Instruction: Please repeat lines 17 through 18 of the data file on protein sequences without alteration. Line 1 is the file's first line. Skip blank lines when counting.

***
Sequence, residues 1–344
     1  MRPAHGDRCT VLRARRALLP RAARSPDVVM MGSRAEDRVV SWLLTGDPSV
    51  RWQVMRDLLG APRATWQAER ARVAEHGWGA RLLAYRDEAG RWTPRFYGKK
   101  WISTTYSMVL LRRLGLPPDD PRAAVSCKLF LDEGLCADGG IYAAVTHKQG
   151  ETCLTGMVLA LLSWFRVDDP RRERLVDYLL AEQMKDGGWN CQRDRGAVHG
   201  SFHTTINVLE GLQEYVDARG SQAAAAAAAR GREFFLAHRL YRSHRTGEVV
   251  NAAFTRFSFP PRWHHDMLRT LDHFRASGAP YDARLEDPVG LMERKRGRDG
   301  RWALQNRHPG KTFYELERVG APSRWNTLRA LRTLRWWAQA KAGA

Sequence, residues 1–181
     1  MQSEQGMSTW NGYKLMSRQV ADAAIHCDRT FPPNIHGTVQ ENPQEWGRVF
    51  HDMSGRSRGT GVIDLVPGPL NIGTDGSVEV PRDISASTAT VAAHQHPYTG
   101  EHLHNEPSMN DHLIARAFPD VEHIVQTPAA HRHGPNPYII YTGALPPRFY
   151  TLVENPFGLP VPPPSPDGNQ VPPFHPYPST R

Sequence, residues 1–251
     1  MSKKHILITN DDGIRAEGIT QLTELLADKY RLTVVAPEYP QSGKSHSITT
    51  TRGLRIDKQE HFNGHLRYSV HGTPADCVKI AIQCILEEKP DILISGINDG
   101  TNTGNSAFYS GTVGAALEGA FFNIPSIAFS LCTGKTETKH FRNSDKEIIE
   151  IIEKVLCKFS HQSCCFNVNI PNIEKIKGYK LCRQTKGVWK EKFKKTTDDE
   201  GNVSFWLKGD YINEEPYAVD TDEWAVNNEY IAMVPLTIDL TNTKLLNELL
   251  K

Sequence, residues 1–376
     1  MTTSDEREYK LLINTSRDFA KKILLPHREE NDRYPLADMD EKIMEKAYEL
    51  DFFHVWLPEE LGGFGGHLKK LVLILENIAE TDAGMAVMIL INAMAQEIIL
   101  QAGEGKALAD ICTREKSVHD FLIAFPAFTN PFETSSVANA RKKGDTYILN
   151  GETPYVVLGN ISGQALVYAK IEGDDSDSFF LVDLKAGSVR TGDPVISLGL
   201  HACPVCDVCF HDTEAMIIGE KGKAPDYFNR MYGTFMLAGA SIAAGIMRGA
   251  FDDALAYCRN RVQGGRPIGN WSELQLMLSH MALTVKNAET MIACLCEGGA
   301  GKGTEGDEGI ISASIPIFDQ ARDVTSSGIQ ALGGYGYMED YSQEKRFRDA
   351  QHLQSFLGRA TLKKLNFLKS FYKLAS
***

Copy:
   101  TNTGNSAFYS GTVGAALEGA FFNIPSIAFS LCTGKTETKH FRNSDKEIIE
   151  IIEKVLCKFS HQSCCFNVNI PNIEKIKGYK LCRQTKGVWK EKFKKTTDDE